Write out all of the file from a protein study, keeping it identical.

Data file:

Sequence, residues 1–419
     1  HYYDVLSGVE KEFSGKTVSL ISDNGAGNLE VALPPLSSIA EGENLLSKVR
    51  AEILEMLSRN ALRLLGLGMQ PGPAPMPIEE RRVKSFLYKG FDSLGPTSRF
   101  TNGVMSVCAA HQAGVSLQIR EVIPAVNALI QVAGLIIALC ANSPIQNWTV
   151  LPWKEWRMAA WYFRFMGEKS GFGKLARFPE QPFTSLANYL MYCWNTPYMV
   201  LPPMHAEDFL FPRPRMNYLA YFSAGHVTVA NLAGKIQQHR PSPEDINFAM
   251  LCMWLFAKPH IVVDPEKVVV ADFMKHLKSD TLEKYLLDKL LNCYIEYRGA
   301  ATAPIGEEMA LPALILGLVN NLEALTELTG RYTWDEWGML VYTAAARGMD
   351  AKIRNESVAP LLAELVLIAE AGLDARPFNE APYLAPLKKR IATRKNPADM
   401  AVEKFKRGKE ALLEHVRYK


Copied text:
Sequence, residues 1–419
     1  HYYDVLSGVE KEFSGKTVSL ISDNGAGNLE VALPPLSSIA EGENLLSKVR
    51  AEILEMLSRN ALRLLGLGMQ PGPAPMPIEE RRVKSFLYKG FDSLGPTSRF
   101  TNGVMSVCAA HQAGVSLQIR EVIPAVNALI QVAGLIIALC ANSPIQNWTV
   151  LPWKEWRMAA WYFRFMGEKS GFGKLARFPE QPFTSLANYL MYCWNTPYMV
   201  LPPMHAEDFL FPRPRMNYLA YFSAGHVTVA NLAGKIQQHR PSPEDINFAM
   251  LCMWLFAKPH IVVDPEKVVV ADFMKHLKSD TLEKYLLDKL LNCYIEYRGA
   301  ATAPIGEEMA LPALILGLVN NLEALTELTG RYTWDEWGML VYTAAARGMD
   351  AKIRNESVAP LLAELVLIAE AGLDARPFNE APYLAPLKKR IATRKNPADM
   401  AVEKFKRGKE ALLEHVRYK